Nádleeh and Trickster: Accounting for the Absence of Non-Binary Genders in Foucault’s History of Sexuality


  • Jess Bennett Scientia et Humanitas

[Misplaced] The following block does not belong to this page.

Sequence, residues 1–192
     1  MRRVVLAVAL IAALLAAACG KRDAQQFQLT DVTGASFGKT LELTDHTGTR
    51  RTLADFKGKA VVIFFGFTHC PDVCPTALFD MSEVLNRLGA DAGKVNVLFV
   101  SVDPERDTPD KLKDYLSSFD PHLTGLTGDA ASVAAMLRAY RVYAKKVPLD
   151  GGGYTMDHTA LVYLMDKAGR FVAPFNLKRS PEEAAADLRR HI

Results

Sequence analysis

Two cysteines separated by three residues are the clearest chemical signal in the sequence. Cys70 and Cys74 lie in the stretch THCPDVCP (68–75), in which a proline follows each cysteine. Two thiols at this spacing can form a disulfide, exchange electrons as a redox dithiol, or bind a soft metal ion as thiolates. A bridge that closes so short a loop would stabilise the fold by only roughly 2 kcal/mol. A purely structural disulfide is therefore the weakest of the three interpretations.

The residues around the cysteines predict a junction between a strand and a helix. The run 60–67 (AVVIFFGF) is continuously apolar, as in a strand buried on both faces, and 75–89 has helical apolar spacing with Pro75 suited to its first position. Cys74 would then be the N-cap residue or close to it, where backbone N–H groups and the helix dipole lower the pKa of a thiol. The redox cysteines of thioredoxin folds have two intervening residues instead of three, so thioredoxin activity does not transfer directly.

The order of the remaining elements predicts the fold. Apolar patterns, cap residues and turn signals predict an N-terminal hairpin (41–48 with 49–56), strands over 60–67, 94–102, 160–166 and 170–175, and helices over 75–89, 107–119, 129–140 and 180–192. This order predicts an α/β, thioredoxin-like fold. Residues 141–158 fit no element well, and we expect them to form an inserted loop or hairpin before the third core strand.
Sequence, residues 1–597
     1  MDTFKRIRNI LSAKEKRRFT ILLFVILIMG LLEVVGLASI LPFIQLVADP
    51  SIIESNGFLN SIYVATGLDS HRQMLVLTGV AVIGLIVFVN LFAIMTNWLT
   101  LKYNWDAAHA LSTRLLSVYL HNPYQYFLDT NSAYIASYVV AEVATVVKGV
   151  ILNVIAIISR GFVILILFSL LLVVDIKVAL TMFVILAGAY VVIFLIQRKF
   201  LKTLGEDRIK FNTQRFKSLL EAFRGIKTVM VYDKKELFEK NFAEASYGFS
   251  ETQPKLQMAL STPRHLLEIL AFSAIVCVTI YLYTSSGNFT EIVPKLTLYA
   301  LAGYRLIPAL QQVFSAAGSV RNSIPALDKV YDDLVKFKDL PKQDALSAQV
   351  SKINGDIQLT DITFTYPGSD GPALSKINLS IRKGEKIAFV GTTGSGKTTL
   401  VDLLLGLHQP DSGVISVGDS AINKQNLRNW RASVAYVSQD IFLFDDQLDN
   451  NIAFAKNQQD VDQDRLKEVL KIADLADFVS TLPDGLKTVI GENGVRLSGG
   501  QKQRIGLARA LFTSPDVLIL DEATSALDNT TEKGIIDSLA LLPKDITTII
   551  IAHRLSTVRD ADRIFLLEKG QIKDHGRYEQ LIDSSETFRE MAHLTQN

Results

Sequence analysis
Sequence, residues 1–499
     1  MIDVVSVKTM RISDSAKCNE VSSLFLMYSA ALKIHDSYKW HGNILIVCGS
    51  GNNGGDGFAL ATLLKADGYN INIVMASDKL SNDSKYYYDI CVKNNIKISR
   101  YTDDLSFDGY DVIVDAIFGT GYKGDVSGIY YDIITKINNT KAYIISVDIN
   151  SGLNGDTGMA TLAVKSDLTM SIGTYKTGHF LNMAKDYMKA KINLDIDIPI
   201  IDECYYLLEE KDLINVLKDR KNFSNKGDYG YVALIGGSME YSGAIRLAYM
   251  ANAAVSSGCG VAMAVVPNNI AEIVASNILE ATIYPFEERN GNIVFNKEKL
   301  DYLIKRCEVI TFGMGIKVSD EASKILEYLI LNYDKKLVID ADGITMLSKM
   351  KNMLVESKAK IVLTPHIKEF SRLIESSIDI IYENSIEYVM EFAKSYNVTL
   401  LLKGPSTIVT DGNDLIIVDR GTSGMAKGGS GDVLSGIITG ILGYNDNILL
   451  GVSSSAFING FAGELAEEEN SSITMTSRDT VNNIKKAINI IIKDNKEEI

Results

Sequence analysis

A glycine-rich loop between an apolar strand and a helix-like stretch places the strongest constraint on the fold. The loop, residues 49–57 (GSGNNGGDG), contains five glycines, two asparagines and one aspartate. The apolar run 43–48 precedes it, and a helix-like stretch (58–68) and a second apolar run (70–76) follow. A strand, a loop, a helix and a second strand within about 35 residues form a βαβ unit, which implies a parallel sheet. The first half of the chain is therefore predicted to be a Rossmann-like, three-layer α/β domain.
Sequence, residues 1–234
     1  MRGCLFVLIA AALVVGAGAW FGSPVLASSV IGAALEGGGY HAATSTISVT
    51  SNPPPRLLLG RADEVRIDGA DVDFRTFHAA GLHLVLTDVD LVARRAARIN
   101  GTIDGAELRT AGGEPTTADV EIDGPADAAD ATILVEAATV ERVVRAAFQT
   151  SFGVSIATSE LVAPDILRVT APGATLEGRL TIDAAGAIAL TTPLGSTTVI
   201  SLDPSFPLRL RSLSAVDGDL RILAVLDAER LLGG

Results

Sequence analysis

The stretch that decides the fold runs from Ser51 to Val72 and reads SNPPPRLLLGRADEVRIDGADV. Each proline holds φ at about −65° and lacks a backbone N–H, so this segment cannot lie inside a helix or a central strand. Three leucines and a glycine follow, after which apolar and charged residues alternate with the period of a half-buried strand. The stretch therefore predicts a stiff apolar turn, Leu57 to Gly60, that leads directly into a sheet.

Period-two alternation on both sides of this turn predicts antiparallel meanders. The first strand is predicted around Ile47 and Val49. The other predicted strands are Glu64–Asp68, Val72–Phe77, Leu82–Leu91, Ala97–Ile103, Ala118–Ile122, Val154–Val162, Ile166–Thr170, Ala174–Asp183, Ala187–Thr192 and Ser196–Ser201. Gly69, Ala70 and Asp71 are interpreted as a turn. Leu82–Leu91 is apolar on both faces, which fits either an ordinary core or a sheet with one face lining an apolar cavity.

From a theoretical standpoint, queer sexual categories remain in the wake of Michel Foucault’s The History of Sexuality.  However, Foucault’s work in the three volumes of The History of Sexuality primarily focus on a gender binary of male and female.  One may find this logical under the false assumption that gender-fluid categories are a recent advent, but such an as-sumption excludes figures such as the Native American berdache, a third gender category.  To complicate matters further, this gender identity is not set to a fixed sexual preference.  Native American literature that explores both the gender and sexual fluidity of the berdache includes texts such as the Navajo creation myth as told by Irvin Morris in From the Glittering World and a selection from “The Winnebago Trickster Cycle” recorded in Paul Radin’s The Trickster: A Study in American Indian Mythology.  Through a comparative reading of these texts as well as Foucault’s The History of Sexuality, we see how Foucault’s work could be expanded by incorporating a discussion of non-binary genders.  Ultimately, this project explores the gap of gender difference in Foucault’s work by examining the role of the berdache in Native American society and literature.